As a Research Associate I wrote a paper which was published with my professor line manager as second author (even though he didn't work on the paper). I did the research, I wrote the paper, yet his name appears first and mine second in all online repositories such as Google scholar etc. Is this right? What should I do if it is not? Should I be even bothered about this? In the actual paper PDF which can be downloaded my name appears first. It was a good paper as it won an award. But in online repositories my name appears second.
If you're the legitimate first author of the paper, I wouldn't even bother to find out why the error happened in the first place. Instead, my answer focuses on your question of what to do now.
There are two good reasons why you should insist on a correct authorship record: (i) First authorship of a (good) paper is a valuable asset. (ii) So are citations of your paper. With inconsistent information in the repositories and the paper itself, citation counting tools like that of Google Scholar might not index all of its citations. Keeping that in mind,
the most important party to contact is the publisher of the paper, since these people maintain the official record. In particular, they distribute the meta-data of their publications to other repositories. I can't tell if they will actually distribute individual error-fixes as well, as would be the most convenient option in your case. Still, they can correct the faulty data in their own repository, which will strengthen your case when you contact other parties.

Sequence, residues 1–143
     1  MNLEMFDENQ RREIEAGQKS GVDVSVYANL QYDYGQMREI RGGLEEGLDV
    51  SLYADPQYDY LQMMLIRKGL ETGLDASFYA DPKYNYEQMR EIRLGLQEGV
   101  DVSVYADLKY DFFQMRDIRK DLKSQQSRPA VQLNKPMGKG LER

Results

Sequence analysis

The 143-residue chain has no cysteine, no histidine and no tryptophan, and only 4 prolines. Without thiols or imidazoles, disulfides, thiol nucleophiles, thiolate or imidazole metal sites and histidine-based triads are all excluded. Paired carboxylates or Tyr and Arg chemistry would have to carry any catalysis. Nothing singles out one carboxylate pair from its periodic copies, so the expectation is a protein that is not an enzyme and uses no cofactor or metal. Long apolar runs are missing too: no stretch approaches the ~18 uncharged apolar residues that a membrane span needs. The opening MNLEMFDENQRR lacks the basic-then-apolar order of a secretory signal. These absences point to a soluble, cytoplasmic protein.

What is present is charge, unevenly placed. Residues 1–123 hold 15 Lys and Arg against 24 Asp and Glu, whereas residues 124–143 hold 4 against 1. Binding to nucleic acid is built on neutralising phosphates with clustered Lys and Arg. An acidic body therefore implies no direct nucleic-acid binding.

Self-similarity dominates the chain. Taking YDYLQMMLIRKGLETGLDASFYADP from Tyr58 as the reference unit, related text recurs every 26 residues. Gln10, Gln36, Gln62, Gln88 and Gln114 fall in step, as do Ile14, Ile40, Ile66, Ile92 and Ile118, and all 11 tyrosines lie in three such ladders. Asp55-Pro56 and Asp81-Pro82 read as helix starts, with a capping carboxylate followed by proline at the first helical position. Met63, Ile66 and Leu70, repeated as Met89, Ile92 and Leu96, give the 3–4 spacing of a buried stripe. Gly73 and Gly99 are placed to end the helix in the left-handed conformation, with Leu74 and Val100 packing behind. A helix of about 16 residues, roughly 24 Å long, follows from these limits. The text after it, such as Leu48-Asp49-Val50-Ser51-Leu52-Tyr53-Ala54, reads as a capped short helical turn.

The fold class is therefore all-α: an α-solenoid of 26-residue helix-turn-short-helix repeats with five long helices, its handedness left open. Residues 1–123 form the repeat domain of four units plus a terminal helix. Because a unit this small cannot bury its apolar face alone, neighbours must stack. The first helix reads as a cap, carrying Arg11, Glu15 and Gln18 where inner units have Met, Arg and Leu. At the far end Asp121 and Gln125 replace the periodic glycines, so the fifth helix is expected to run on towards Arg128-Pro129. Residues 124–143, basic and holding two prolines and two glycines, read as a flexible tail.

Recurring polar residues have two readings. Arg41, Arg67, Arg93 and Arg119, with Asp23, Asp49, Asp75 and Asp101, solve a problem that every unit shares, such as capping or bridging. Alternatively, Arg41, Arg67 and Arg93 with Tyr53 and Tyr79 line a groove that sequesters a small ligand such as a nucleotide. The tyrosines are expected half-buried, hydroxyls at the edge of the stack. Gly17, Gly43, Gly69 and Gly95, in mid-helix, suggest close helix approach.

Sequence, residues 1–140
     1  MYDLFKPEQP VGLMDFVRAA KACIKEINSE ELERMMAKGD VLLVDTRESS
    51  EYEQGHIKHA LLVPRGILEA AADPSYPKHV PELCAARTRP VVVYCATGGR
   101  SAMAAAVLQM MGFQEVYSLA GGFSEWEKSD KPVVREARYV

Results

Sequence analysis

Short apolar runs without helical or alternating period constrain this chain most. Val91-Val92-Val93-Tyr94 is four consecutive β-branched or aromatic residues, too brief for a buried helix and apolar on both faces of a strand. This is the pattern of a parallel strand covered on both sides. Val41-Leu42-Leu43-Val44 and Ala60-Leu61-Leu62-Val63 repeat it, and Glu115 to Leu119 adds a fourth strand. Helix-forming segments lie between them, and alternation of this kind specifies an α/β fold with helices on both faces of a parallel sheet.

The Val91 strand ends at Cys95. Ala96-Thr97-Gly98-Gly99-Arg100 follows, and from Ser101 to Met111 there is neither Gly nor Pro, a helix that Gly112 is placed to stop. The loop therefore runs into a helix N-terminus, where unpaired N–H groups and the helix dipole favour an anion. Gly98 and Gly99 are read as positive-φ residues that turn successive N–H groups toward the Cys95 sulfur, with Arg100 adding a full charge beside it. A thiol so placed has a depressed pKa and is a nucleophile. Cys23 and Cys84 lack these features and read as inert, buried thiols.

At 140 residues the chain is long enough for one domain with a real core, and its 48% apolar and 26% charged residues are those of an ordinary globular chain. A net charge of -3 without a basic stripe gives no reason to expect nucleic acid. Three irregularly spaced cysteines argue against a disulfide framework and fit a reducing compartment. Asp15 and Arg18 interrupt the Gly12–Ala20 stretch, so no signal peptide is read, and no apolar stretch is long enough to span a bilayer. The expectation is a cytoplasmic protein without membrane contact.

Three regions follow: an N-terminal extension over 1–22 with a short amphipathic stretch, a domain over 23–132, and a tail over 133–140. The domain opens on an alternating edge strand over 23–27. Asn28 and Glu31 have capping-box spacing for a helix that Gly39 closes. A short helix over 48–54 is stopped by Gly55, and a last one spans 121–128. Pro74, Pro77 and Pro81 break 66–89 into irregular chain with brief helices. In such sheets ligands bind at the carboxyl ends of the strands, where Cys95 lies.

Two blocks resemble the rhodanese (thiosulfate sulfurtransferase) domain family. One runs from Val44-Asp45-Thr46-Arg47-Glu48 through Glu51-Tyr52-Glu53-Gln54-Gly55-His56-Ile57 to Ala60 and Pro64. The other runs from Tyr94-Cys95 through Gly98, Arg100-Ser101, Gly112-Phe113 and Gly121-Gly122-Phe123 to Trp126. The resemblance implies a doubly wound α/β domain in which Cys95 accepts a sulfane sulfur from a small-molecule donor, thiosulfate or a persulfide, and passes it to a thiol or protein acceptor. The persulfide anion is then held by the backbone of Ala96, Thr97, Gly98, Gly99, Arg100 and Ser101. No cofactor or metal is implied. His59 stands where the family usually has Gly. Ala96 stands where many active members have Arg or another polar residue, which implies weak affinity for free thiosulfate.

Some databases/repositories, like DBLP, allow you to submit error reports individually. You can google for "(name_of_database) error report" or just look on the respective database's website to find details.
With Google Scholar, the situation is a bit more tedious, since they do not provide a process to submit error reports. Information usually gets checked and updated automatically after some months; there is nothing you can do to trigger this process. The thing you can do is to create a new, corrected entry for the paper in your profile. Then you can "merge" it with the existing entry, so that citations of the paper with its current authorship information are counted.